deadwolfbones

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Being on the East Coast, a nice late hopped Pilsner is not the easiest thing to find. When I tried a dry-hopped pils from Burial in Asheville, NC I fell in love immediately.

Now I have learned that this is basically a style out on the west coast. One day I might get to try a real “SoCal” Pilsner but until then I am going to be using your recipe for inspiration for my own. I’m thinking maybe a combo of Mosaic and Citra. I also have some galaxy laying around. Hmmm
Mosaic + Citra was the original Timbo! I think they've changed it up now and are doing a small noble hop bittering charge (Saaz, Opal, Saphir) followed by Mosaic & Nelson in the FO and DH stages.
 

secretlevel

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I just noticed the same thing reading their Untappd description:

"We took inspiration from both German Pilsners and West Coast IPAs for Timbo Pils. We used more German influenced hops in the kettle which gives the beer a softer bitterness and a nice floral and earthy hop base. We then used Mosaic and Citra for dry hopping to bring out the tropical west coast flavors of mango, riesling grapes, and passionfruit."

It doesn't help that they don't mention an IBU on here, but I can assume this is just a classic pilsner hopped with Saaz. I might give this a shot and dry hop with some Simcoe and possibly Centennial.
 

couchsending

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In the recipe Bob provided to CB&B there are no traditional hops in the kettle at all. Just new school hops in the WP and DH.

I had some Timbo this last fall. The stuff I had on tap at the brewery was one of the most mind blowing beers of 2019 for me. I couldn’t stop sticking my nose in it. I proceeded to have way too many at the brewery. The cans I grabbed weren’t quite to the level that the latest batch they had on tap was but were still phenomenal. It was hands down the best smelling mosaic/Citra beer I’ve ever had. Literally zero stank/dank/feet/sweat you usually get from those hops. It was just tropical fruit. I’ve had a lot of the best hoppy beers from most of the hyped breweries from all over the US and this still stands out as the best smelling beer I’ve had to date. Nothing is even close.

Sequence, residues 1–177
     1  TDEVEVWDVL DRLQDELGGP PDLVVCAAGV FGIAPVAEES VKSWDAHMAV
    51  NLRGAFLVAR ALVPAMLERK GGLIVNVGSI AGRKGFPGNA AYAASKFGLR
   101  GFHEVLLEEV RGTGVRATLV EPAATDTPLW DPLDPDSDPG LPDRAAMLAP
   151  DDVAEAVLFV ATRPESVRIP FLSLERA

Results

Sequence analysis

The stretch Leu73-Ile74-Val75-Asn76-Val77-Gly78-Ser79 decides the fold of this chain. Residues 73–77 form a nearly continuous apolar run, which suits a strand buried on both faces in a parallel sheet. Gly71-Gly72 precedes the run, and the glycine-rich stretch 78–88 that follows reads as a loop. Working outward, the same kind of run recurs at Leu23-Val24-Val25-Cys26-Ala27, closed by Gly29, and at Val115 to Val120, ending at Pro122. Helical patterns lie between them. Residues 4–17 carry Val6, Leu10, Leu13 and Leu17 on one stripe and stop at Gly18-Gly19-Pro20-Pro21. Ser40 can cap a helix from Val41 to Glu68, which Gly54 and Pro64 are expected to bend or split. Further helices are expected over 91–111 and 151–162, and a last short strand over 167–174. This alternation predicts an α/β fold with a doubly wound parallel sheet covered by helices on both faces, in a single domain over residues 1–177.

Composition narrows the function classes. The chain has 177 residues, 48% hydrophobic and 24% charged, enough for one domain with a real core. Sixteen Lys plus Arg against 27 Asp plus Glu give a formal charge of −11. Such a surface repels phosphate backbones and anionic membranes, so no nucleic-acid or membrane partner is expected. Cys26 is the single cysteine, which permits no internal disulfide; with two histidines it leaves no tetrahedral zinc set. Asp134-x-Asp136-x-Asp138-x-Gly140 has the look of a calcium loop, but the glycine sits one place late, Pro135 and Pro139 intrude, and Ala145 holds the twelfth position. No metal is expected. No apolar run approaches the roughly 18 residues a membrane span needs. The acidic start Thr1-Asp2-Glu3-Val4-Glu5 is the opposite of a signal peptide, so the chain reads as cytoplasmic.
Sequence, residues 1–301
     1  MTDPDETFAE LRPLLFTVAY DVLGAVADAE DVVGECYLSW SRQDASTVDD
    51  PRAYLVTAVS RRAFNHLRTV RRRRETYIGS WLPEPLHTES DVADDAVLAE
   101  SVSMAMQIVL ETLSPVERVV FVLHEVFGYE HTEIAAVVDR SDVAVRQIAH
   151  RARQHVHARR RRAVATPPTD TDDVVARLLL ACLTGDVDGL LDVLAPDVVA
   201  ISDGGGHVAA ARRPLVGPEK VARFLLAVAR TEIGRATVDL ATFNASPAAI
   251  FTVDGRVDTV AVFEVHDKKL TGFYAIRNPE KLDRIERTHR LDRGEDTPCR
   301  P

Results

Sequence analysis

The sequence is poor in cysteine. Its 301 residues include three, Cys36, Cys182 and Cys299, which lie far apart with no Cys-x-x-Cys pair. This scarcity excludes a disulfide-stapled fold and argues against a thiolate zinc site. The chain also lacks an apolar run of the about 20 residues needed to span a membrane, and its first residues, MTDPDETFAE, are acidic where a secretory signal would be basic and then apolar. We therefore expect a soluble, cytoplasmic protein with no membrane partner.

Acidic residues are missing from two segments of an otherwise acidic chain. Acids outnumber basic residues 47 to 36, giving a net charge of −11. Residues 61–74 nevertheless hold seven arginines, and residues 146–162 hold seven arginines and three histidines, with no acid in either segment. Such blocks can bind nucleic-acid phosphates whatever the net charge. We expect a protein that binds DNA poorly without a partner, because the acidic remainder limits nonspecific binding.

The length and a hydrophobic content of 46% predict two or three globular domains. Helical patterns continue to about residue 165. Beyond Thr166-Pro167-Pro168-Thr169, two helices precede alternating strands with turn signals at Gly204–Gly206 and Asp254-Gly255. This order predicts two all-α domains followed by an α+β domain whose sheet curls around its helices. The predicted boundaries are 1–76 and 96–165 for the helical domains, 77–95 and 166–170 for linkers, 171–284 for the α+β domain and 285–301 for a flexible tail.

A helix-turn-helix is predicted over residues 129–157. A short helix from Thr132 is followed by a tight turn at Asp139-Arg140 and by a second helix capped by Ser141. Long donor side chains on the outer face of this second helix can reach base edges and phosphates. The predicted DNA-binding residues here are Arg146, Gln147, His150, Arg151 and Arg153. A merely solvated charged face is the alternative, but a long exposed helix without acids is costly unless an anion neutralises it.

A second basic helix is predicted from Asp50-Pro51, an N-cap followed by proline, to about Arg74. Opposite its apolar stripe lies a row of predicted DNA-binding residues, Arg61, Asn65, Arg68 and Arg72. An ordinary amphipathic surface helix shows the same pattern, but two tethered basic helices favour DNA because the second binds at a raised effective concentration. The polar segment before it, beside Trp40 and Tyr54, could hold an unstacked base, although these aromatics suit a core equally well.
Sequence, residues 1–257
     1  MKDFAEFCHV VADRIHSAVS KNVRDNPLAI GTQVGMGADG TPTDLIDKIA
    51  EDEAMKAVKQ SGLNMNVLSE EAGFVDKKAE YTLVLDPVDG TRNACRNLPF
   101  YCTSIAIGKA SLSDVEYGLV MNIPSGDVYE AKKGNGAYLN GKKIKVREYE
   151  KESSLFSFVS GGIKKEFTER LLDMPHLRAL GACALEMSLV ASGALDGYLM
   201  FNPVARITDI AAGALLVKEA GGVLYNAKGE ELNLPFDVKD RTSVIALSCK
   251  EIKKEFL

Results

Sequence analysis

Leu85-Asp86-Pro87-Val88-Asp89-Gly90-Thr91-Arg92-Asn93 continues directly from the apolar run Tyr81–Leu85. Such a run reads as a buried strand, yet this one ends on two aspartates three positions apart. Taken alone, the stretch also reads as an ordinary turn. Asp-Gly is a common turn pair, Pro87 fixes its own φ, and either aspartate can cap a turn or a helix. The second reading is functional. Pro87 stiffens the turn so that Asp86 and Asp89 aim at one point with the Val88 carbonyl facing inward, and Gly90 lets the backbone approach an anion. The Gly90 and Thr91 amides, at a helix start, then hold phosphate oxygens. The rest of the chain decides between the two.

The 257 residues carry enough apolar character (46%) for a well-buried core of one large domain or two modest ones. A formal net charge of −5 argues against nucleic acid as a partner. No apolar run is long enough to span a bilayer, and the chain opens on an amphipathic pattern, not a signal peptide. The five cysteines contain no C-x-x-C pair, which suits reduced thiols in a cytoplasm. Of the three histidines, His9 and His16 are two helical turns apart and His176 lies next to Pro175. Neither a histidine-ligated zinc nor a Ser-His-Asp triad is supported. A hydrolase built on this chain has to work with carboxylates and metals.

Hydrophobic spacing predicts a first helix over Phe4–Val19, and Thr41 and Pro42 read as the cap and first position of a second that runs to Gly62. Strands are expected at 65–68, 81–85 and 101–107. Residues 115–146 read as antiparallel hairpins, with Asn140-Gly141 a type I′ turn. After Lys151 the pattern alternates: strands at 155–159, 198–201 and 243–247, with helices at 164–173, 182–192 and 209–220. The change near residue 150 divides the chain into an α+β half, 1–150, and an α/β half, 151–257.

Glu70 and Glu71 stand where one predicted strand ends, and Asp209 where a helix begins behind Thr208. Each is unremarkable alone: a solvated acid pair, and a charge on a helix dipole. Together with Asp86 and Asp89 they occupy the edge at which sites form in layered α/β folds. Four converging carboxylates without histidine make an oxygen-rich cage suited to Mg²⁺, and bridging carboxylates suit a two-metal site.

I know Bob has really good contracts for some incredible hops so there’s that but I do think there’s something to the lager yeast and cold conditioning that bring out some of the best qualities in the hops.

I’ve got one where I used all Mosaic in the WP and all Citra in the DH and it’s amazing how the aroma has become more refined he longer it lagers for. It hasn’t faded at all but has lost a lot of it’s “stanky” onion/sweaty edge.

I remember the water profile being pretty soft for the Timbo I had this last fall.
 
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deadwolfbones

deadwolfbones

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In the recipe Bob provided to CB&B there are no traditional hops in the kettle at all. Just new school hops in the WP and DH.

I had some Timbo this last fall. The stuff I had on tap at the brewery was one of the most mind blowing beers of 2019 for me. I couldn’t stop sticking my nose in it. I proceeded to have way too many at the brewery. The cans I grabbed weren’t quite to the level that the latest batch they had on tap was but were still phenomenal. It was hands down the best smelling mosaic/Citra beer I’ve ever had. Literally zero stank/dank/feet/sweat you usually get from those hops. It was just tropical fruit. I’ve had a lot of the best hoppy beers from most of the hyped breweries from all over the US and this still stands out as the best smelling beer I’ve had to date. Nothing is even close.

I know Bob has really good contracts for some incredible hops so there’s that but I do think there’s something to the lager yeast and cold conditioning that bring out some of the best qualities in the hops.

I’ve got one where I used all Mosaic in the WP and all Citra in the DH and it’s amazing how the aroma has become more refined he longer it lagers for. It hasn’t faded at all but has lost a lot of it’s “stanky” onion/sweaty edge.

I remember the water profile being pretty soft for the Timbo I had this last fall.
I re-brewed this recently with Citra/Galaxy and despite zero bittering hops it was still WAY too bitter, even after a month in the keg at keezer temps.

After two months the hop sharpness had softened and by the last pint it was really shining. Something to remember for next time, I guess!
 

secretlevel

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I re-brewed this recently with Citra/Galaxy and despite zero bittering hops it was still WAY too bitter, even after a month in the keg at keezer temps.

After two months the hop sharpness had softened and by the last pint it was really shining. Something to remember for next time, I guess!
Did you brew your original recipe or the CB&B version? What was the hop schedule that you went with?